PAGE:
Monday, November 24, 2014

The recursive clanking of memory

A few weeks ago, Daphne Merkin had an essay in the Sunday Times called "Making My Therapist Laugh." It's about finally letting go of the desire to entertain and amuse her therapist, but in reflecting on what therapy should provide the analysand, she hits on a longstanding interest of this blog:

therapy allows for. . . the repetitive nature of a person's inner life, the constant regurgitation of ancient grievances and conflicts. In ordinary, above-the-surface life, we're endlessly exhorted to move forward and not hang back, when the truth is that the psyche is not such an efficient piece of machinery and is marked by recursive clankings as much as anything else.

As my readers know, I don't believe in being "over" things. I don't believe in "moving on"--if by that we mean declaring ourselves to have been left unscarred, unmarked, or, in some facile way, "better off" now that a catastrophe has receded into the past. Nothing that has ever mattered to me is gone, and no crisis or shattering change is ever fully in the past (although my relationship to those people and events is often quite different after years of reflection, reframing, and reconsideration). Healing is not the same thing as never having been wounded.

Last week a close friend suffered a terrible loss. It's not my story to tell, so I won't tell it, but I was struck by how shell-shocked the rest of us seemed by the news, how continually on the verge of tears and in need of companionship and conversation. Yes, we all love our friend and were trying to figure out ways to help, but I think her loss also ripped a hole in our own sense of security, our narratives of healing and progress, reminding us of our own losses and the way that sorrow stops time and exists outside of it.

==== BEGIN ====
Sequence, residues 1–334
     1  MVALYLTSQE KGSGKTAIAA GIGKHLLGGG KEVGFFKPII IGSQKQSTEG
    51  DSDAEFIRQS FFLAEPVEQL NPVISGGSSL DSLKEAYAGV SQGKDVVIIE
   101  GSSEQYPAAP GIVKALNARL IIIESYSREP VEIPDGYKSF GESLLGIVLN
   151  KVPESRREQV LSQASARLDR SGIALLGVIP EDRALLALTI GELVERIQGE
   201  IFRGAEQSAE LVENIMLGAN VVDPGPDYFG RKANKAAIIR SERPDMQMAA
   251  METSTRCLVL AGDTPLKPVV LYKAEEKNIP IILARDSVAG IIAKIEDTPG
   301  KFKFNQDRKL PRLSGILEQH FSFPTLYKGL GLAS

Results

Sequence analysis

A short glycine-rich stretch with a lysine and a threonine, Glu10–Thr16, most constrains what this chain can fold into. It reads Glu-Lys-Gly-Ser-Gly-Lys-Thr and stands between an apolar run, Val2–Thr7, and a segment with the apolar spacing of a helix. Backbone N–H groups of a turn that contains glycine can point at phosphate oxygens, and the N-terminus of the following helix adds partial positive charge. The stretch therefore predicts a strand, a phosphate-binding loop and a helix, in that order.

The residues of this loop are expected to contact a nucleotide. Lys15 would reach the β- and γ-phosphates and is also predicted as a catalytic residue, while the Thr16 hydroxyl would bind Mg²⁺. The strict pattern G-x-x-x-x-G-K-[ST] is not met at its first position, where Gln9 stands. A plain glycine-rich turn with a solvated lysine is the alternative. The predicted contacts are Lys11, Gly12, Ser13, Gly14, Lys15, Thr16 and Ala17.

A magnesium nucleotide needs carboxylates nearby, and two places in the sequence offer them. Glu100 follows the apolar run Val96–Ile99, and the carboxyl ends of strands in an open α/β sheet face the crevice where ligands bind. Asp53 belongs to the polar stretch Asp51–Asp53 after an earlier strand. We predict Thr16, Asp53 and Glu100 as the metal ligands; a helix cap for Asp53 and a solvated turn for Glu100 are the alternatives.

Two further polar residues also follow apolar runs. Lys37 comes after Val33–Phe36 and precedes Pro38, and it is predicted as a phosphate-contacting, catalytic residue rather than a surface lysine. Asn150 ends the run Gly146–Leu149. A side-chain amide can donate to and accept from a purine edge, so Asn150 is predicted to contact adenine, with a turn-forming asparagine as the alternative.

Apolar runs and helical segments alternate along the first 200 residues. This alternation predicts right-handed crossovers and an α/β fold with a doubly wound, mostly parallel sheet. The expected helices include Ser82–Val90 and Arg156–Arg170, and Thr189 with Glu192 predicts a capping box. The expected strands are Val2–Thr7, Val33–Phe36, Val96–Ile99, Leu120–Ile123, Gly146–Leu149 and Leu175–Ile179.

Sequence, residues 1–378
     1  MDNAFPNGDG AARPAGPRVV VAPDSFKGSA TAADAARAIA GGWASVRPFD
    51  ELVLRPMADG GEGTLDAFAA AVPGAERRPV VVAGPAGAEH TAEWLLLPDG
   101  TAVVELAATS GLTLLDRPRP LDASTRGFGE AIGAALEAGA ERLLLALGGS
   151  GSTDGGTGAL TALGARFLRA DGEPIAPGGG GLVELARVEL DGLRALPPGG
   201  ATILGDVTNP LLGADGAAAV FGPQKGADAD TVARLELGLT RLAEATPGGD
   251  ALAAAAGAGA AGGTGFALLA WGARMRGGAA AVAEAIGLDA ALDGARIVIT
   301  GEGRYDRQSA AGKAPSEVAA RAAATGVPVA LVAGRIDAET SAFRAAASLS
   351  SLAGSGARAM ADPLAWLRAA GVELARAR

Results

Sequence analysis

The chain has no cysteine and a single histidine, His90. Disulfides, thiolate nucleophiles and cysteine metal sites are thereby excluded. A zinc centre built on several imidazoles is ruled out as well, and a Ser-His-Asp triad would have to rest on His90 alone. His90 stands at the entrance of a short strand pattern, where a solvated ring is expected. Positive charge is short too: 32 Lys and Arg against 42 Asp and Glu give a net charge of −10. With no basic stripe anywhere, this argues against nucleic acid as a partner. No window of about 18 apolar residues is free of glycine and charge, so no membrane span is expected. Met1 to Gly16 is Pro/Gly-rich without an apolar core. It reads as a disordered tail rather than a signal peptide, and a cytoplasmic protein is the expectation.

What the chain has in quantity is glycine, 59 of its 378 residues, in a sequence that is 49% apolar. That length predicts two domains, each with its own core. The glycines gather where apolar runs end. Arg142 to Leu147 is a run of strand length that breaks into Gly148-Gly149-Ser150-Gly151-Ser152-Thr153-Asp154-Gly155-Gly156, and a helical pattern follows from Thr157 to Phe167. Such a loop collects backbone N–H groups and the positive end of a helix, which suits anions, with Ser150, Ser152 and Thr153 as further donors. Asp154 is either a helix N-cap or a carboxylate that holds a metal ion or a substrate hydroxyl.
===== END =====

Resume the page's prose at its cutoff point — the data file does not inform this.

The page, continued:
That's the central conflict: time is linear and craves resolution while our inner lives are brooding and recalcitrant, slow to heal and slow to change. Last week I was also teaching The Winter's Tale, which may be my favorite Shakespeare play. Like all the romances, it's an improbable fairy tale that somehow also manages to render loss and recovery with real emotional truth: the central character loses everything, believes he can reacquire it quickly--and then spends the next fifteen years in grief and self-recrimination. Eventually, he gets some of what he hoped for, but not on the terms he expected.

That's the kind of happy ending we actually get in life: not what we wanted, but even more dear when it comes. Recognizing it, though, requires remaining in touch with all we've lost and hoped for in the past.


Jeff said...

Lovely, touching, and true. Happy Thanksgiving, Flavia!

Comradde PhysioProffe said...

Very nice post, but I found this surprising in the quote:

"therapy allows for. . . the repetitive nature of a person's inner life, the constant regurgitation of ancient grievances and conflicts."

I spent years in successful psychotherapy in my twenties, and little of it involved regurgitating ancient grievances and conflicts. Rather, it was almost all about accessing and accepting my own perceptions of reality and emotional reactions to those perceptions. At least for me, that kind of regurgitation was an externalizing defense mechanism protecting me from the real hard internal work I needed to do, and my therapist was very skilled at keeping me from such a distraction.

Flavia said...

Thanks, Jeff!


I don't presume to speak for Merkin, but my understanding of what she says is not that she sees therapy as a place merely to regurgitate the past--in the same repetitive and unending way--but as a place where it's okay to keep turning the conversation back to events and issues from the past in an effort to get a new handle on them in the way you describe. Certainly that's my own experience of the past: it doesn't go away and it doesn't change, but allowing ourselves to brood over it is part of what's needed to understand it and ourselves.

sophylou said...

This was lovely. Thank you.